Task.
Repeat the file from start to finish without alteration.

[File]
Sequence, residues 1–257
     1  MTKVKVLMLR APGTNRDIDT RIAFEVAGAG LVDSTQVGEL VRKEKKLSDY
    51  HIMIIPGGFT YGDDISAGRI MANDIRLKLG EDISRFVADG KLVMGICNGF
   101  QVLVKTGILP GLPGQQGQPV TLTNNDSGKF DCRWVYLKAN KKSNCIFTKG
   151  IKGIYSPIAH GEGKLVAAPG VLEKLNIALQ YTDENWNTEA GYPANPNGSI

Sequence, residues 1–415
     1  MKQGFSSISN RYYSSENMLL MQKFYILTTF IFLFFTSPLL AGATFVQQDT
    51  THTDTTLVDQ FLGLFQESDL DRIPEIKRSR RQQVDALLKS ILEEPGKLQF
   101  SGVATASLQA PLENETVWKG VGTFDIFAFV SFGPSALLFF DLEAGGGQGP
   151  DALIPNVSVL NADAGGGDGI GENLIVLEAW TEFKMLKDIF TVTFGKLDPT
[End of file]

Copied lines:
Sequence, residues 1–257
     1  MTKVKVLMLR APGTNRDIDT RIAFEVAGAG LVDSTQVGEL VRKEKKLSDY
    51  HIMIIPGGFT YGDDISAGRI MANDIRLKLG EDISRFVADG KLVMGICNGF
   101  QVLVKTGILP GLPGQQGQPV TLTNNDSGKF DCRWVYLKAN KKSNCIFTKG
   151  IKGIYSPIAH GEGKLVAAPG VLEKLNIALQ YTDENWNTEA GYPANPNGSI

Sequence, residues 1–415
     1  MKQGFSSISN RYYSSENMLL MQKFYILTTF IFLFFTSPLL AGATFVQQDT
    51  THTDTTLVDQ FLGLFQESDL DRIPEIKRSR RQQVDALLKS ILEEPGKLQF
   101  SGVATASLQA PLENETVWKG VGTFDIFAFV SFGPSALLFF DLEAGGGQGP
   151  DALIPNVSVL NADAGGGDGI GENLIVLEAW TEFKMLKDIF TVTFGKLDPT